More often than I’d like to admit, I’d answer affirmatively to this question, no matter how foolish that might be. But the other night, my answer would have been an emphatic “no.” I could not for the life of me figure out if my dog wanted to go outside for a walk, play indoors, or have something more to eat. All I knew was that he needed something from me and was desperately trying to communicate that.
The truth is, our pets seem to understand us a lot better than we do them. Anyone who has a dog knows that he tracks your every move, springing to action from a supposed deep sleep when you venture near the refrigerator and its coveted contents. Dogs in general, and Porties in particular, seem to have that “what’s next?” associative ability. One look at me lacing up my sneakers and he deduces correctly that a walk is in his immediate future. My friend’s cat climbs onto or even into her suitcase when she places it on the bed in preparation for packing. A new surface that’s noteworthy to explore? A stern warning that my friend is not to travel far and wide? Or a nod to author Cynthia Heimel’s book title: If You Leave Me, Can I Come Too? This same cat prefers to drink from the kitchen faucet, though my friend knows not why. (see exhibit A)
Pets don’t just observe our actions, they pick up on our emotions. I imagine it’s what Daniel Goleman would call “emotional intelligence.” Additionally, animals can smell sadness and fear. A dog can smell human perspiration and adrenaline, both of which come into play when we are fearful.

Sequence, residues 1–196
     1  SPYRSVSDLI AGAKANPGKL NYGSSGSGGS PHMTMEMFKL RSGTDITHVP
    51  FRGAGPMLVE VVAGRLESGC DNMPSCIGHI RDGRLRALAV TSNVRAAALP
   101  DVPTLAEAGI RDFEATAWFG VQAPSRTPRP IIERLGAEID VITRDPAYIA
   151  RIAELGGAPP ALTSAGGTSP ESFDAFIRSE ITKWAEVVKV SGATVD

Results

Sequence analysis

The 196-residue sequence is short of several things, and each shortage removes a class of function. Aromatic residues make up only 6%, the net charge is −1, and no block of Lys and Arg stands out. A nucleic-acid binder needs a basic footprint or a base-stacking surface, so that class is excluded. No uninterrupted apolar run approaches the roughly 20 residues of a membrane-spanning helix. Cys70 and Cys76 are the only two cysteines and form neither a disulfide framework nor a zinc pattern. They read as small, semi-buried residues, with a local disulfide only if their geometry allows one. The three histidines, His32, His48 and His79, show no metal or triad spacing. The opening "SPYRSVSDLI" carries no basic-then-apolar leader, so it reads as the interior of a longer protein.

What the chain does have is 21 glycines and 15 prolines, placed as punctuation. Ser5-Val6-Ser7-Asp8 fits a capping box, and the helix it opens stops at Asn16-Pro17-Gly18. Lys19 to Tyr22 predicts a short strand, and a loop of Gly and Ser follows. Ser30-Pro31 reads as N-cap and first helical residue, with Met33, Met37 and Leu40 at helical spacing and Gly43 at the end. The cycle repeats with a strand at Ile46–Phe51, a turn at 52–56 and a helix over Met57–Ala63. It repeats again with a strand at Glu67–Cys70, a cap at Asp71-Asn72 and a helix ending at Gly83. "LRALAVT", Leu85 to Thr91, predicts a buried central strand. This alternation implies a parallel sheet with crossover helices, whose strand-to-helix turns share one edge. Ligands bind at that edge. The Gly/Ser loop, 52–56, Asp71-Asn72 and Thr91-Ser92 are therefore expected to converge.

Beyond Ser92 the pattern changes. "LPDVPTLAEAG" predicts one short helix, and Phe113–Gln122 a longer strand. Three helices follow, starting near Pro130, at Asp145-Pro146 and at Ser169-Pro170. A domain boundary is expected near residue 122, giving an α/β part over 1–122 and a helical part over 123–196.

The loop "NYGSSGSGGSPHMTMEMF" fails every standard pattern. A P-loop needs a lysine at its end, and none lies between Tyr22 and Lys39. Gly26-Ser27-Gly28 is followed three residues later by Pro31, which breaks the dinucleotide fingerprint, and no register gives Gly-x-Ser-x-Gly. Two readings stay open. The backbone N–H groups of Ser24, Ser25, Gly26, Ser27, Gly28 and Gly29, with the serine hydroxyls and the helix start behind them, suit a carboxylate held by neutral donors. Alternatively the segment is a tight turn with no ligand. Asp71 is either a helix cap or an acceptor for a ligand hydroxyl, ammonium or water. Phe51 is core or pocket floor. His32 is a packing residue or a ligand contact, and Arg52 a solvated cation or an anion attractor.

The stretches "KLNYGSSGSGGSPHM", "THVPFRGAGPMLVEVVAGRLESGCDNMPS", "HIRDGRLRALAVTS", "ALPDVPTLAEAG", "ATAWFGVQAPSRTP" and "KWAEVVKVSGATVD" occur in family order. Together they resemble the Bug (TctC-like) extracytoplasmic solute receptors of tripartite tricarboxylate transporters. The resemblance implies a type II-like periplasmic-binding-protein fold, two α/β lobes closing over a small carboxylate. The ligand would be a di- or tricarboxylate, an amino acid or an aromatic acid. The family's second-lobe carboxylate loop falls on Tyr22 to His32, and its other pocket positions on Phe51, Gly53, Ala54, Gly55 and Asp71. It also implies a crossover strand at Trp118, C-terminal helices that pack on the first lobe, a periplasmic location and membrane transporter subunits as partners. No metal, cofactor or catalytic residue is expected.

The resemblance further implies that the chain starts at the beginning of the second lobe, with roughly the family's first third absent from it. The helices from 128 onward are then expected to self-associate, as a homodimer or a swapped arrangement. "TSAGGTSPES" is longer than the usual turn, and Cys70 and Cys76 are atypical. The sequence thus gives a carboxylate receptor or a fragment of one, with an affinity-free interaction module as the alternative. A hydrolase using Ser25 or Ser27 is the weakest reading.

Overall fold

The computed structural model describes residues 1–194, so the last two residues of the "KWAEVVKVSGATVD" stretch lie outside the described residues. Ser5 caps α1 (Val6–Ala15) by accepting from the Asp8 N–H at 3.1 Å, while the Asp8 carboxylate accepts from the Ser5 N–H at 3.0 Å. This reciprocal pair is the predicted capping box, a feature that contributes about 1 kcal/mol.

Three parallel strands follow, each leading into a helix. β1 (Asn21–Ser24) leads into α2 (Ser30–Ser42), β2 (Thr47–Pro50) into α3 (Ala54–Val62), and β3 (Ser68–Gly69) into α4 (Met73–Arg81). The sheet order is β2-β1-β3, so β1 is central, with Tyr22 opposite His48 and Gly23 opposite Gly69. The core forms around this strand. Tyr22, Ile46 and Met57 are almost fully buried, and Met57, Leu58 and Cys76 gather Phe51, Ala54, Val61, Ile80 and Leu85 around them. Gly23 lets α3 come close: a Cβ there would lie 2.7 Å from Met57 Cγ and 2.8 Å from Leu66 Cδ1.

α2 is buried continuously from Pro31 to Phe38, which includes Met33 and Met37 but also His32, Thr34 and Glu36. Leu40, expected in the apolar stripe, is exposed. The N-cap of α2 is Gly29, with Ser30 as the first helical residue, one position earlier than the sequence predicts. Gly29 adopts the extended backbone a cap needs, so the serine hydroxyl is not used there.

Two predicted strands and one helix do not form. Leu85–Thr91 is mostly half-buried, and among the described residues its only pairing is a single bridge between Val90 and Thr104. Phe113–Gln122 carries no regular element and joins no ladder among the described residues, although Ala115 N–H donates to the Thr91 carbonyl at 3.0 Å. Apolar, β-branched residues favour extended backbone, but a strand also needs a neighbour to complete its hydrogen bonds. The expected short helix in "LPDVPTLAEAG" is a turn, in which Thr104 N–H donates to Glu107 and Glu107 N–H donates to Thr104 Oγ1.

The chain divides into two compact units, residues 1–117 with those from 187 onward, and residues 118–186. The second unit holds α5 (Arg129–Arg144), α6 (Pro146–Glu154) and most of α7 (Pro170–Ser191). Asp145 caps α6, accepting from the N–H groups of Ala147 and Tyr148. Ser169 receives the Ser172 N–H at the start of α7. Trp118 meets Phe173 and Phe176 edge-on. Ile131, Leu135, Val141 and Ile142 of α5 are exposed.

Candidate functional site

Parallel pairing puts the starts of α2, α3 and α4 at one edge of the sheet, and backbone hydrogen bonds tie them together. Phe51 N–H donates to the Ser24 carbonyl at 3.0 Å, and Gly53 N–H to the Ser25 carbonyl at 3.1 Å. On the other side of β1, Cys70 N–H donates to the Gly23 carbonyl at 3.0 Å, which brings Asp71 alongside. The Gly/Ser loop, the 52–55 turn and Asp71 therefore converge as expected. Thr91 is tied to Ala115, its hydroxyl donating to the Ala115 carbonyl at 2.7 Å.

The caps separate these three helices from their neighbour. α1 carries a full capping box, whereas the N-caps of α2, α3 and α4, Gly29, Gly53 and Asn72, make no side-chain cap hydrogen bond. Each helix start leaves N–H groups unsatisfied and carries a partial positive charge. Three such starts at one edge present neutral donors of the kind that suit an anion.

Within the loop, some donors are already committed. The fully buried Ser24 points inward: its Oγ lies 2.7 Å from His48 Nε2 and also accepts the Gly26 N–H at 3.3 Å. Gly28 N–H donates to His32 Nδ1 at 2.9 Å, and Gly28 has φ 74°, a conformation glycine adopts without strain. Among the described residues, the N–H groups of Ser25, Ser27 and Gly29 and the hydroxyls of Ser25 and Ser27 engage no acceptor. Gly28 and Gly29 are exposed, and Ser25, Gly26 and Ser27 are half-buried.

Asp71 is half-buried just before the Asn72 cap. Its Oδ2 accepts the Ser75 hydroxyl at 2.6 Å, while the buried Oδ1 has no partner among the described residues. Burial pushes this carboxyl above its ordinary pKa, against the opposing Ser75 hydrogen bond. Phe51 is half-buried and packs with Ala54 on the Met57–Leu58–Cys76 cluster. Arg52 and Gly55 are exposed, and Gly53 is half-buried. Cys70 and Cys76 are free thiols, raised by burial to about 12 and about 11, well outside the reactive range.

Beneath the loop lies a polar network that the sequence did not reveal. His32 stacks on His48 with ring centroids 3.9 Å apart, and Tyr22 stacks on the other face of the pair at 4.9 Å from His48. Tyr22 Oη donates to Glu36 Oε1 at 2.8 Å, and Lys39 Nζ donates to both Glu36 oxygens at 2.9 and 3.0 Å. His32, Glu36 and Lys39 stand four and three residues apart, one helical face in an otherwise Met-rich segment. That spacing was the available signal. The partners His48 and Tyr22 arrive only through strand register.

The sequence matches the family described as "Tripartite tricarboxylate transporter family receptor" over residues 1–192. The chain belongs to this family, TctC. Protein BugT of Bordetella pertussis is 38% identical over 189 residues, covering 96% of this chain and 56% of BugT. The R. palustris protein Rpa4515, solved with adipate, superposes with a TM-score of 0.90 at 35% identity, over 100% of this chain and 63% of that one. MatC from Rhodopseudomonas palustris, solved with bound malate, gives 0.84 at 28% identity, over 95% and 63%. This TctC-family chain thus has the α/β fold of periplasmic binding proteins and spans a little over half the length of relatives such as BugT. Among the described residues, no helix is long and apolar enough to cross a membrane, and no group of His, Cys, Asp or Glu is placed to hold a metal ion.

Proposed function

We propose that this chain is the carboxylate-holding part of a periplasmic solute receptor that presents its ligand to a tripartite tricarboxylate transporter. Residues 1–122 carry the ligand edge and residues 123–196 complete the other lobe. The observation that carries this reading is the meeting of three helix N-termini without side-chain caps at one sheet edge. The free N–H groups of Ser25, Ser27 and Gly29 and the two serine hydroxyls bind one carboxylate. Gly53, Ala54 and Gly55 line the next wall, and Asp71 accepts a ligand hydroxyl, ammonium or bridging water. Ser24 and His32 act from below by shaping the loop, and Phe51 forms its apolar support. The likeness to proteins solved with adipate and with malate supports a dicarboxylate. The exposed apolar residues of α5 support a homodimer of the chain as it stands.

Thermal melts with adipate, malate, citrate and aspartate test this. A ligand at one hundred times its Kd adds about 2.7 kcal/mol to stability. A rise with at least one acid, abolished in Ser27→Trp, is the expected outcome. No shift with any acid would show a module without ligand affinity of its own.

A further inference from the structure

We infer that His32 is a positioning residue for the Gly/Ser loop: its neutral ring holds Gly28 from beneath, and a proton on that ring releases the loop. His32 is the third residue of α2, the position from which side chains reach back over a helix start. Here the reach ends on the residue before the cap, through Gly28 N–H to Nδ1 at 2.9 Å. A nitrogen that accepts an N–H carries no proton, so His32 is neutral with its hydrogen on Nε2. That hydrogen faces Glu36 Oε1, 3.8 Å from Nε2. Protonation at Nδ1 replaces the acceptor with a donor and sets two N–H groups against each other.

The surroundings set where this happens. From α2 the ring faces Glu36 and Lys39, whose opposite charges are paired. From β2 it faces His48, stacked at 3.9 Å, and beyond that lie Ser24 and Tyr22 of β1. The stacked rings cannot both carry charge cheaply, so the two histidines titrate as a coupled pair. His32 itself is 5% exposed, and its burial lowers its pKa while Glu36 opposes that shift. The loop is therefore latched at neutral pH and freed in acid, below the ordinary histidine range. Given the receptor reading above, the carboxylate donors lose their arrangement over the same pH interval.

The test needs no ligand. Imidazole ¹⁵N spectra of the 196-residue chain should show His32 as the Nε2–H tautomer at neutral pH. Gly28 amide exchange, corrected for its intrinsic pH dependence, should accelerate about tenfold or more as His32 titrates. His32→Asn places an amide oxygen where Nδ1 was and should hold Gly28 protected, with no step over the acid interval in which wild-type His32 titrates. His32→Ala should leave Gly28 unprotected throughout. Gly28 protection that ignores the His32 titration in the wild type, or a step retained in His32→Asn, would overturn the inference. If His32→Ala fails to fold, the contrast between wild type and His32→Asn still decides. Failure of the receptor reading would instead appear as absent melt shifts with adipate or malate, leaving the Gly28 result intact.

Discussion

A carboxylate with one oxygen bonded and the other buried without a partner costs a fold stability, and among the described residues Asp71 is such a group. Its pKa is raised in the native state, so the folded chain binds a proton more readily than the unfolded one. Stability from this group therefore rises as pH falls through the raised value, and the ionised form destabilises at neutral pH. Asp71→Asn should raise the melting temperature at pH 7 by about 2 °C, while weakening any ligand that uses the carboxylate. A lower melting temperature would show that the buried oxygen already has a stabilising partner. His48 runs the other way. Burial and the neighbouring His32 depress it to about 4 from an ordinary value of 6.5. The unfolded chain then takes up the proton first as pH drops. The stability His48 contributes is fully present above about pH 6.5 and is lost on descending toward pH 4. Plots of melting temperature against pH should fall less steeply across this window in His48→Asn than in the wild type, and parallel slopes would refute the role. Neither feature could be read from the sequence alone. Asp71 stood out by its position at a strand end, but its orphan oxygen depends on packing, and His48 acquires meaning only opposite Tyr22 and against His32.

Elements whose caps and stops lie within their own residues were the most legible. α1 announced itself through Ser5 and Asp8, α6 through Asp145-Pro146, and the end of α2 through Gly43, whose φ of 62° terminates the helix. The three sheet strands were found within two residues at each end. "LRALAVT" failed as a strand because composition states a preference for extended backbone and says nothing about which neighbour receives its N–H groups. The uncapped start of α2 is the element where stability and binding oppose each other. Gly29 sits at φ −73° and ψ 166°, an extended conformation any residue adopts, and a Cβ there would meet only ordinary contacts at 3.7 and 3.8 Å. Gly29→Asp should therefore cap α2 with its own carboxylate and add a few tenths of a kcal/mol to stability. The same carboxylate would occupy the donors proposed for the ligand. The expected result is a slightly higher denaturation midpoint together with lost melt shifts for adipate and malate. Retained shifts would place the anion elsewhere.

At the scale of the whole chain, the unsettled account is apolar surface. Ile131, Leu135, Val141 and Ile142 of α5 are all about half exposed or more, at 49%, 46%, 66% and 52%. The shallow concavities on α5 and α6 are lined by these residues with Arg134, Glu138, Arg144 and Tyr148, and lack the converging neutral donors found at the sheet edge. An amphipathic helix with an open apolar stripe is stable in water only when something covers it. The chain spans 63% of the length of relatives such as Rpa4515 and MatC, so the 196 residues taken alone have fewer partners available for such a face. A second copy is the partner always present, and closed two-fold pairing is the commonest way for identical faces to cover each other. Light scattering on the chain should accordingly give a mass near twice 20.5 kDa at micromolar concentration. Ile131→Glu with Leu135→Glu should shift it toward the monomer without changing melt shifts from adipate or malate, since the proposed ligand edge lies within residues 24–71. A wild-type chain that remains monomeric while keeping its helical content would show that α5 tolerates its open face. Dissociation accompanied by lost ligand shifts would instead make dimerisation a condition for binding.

Pets see what lies beneath the surface, what’s not visible to the human eye. When my older relative got sick, her cat started sleeping in the crook of her arm instead of at the foot of her bed as he had done before. A friend of mine tells me that her two cats were playing on her sick uncle’s bed and knew the instant that he had taken his last breath.
So often, we explain our pet’s behavior in human terms that don’t necessarily apply. Alexandra Horowitz, a cognitive scientist, has written a thought-provoking book called Inside of a Dog: What Dogs See, Smell, and Know. Of particular surprise to me were her explanations of dogs and their raincoats and dogs’ experience of the present (tense). First, the raincoat: She reminds the reader that both wolves and dogs have their own natural coats and lets us know that a wolf may seek shelter when it rains but does not cover itself with natural materials. She explains that a raincoat covers and presses the back, chest, and sometimes the head. Wolves are pressed upon the back or head when they are being dominated by another wolf. So in other words, when you next notice your dog freezing in place or ducking his head when he spots the raincoat, you may deduce not just that he hates the rain or that particular yellow slicker (see exhibit B), but that he does not need a jacket (thank you very much) and doesn’t wish to feel dominated!
We think we understand dogs’ conception of time. We envy them their ability to truly live in the present. Yet their present is not the same as ours. Horowitz explains that for a dog, “smell tells time.” She continues: “The past is represented by smells that have weakened, or deteriorated, or been covered. Odors are less strong over time, so strength indicates newness; weakness, age. The future is smelled on the breeze that brings air from the place you’re headed. By contrast, we visual creatures seem to look mostly in the present. The dogs’ olfactory window of what is ‘present’ is larger than our visual one, including not just the scene currently happening, but also a snatch of the just-happened and the up-ahead. The present has a shadow of the past and a ring of the future in it.“
Do you know what your pet is thinking? How has your pet shown that he or she understands you, perhaps even better than you thought?